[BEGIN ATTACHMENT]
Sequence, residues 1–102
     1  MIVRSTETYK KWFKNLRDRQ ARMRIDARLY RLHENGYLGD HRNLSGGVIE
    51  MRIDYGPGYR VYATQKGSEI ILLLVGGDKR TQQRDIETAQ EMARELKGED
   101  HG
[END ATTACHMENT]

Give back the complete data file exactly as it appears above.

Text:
Sequence, residues 1–102
     1  MIVRSTETYK KWFKNLRDRQ ARMRIDARLY RLHENGYLGD HRNLSGGVIE
    51  MRIDYGPGYR VYATQKGSEI ILLLVGGDKR TQQRDIETAQ EMARELKGED
   101  HG